9. ...did you just cite someone posting their talkradio comments as a source? As noted, the peak in infections was definitely after the lockdowns started, that is not up for debate. A conservative MP who is willing to talk nonsense on talkradio is not a better source than the actual figures.
  10. Which ones, and what did they actually say? So, you concede the system was flawed and poorly implemented? While I disagree that a national lockdown was the best method to go with, it at the very least has worked.
  11. The rate of new cases had decreased, but has only started to drop a few weeks after the lockdown came into effect. Due to concerns around the lack of testing, metrics like hospitalisations are useful for this purpose. We can use this to compare the actual peak to when the lockdowns were brought in. The expectation is that a lockdown would start having an effect by the median incubation period, and would have a peak effect after a few of them. The median incubation period is reported at around 4-5 days, while some people can not show symptoms for up to 14 days. This means that you'd expect a lo
  12. The claim that 'cases peaked' before lockdowns isn't true in either case. The first lockdown started in late March, and the peak for cases was in early April. Cases had been beginning to slow, but this was a result of the restrictions that were already implemented. The same pattern is seen now. Cases slowed in the weeks following the tiered lockdown system, and have not plateaued with the second lockdown. What alternative options are you actually proposing, and on what basis do you challenge the figure suggested?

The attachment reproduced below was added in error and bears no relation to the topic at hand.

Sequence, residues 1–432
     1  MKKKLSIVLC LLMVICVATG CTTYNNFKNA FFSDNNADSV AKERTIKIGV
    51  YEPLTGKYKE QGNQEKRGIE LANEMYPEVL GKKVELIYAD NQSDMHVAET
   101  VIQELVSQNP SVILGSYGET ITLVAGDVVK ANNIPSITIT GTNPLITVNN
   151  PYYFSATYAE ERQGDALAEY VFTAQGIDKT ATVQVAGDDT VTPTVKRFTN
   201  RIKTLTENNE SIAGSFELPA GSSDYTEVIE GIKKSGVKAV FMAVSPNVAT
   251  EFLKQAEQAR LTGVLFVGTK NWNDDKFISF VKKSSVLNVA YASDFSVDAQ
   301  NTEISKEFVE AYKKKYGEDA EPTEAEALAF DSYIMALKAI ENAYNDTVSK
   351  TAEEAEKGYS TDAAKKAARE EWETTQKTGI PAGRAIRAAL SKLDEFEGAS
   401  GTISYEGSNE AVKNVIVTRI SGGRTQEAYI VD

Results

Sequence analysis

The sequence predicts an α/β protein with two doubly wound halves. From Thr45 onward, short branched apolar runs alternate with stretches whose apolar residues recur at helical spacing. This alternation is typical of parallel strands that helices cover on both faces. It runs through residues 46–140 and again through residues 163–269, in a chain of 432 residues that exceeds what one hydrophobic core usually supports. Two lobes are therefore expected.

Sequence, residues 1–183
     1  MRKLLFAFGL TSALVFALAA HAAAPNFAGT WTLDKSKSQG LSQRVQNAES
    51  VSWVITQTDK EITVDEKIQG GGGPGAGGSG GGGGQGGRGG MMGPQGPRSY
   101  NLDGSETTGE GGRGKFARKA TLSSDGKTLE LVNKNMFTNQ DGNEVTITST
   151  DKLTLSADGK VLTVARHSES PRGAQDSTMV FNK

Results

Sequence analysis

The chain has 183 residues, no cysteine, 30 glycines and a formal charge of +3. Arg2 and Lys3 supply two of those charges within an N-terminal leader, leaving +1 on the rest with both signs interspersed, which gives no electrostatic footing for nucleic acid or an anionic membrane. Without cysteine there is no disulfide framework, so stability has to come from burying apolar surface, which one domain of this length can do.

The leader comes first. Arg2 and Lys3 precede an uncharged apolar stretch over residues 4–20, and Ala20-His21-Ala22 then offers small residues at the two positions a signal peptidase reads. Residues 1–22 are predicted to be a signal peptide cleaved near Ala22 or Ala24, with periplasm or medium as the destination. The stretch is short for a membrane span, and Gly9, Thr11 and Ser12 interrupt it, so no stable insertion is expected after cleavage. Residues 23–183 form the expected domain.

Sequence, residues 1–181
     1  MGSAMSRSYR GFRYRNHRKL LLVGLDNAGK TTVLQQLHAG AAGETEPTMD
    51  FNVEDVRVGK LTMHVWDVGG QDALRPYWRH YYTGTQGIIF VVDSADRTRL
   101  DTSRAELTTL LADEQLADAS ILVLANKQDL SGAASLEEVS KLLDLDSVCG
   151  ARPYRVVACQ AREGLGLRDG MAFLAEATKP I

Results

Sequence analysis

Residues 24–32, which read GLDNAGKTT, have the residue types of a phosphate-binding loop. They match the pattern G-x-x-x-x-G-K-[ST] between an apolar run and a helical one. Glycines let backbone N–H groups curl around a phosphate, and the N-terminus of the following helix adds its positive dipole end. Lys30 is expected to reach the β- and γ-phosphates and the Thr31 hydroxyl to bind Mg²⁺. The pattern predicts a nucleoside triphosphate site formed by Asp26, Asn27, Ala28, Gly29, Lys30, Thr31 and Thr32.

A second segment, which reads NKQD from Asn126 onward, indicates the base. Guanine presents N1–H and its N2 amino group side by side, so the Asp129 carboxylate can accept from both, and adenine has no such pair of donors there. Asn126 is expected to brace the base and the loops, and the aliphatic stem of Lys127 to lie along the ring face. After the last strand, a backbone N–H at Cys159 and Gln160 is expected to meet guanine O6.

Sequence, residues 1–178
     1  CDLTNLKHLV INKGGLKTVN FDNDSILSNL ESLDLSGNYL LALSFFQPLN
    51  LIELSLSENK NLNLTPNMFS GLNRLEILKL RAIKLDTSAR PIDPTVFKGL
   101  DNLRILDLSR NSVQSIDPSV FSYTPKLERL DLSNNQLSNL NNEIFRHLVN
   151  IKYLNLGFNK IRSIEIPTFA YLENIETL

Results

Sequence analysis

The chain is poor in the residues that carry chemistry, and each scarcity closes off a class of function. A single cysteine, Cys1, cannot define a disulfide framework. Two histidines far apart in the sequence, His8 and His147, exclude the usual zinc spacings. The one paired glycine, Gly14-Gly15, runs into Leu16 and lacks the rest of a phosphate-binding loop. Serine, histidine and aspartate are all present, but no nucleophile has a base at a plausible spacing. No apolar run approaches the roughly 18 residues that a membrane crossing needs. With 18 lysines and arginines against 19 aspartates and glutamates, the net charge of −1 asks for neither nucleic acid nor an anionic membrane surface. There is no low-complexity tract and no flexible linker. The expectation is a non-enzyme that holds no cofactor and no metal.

13. Whoops, mind wandered as I read that, my mistake. In Sweden's case, the point is similar, and the fourth quarter results should be interesting given what they're current going through. It's interesting that you claim that I'm an 'ideologue' that would 'never concede a point even it [sic] was proven a fact', given you have no examples by which to claim this.
  14. So you don't care that much? Hmmm... Anyhow, the changing economic picture is still not clear the USA's case however, as they opened up against advice across much of the country. The prediction from that is short term gains, with longer term pain. It's not surprising that short term things look better, the question in their case is what the impacts of this current wave will be from that. I'm not 'debating a country' mate, don't be so conceited to think that you represent the entire UK. I do find it funny that you just sidestepped the point about the risk of it hitting 5000 cases
  15. So none at all, cool. Sweden went for a strategy of avoiding lockdowns, more personal freedoms etc, and that's fallen flat on its face in virtually every metric. The USA's case is an interesting one, as while they have seen some recovery in the last quarter, they are now also facing high case loads, despite each state having responsibility for their own controls. Each state has handled it differently, so looking at it state by state is usually better. For them, it'll be interesting to see the economic figures over the next few quarters with this latest wave. I've not writt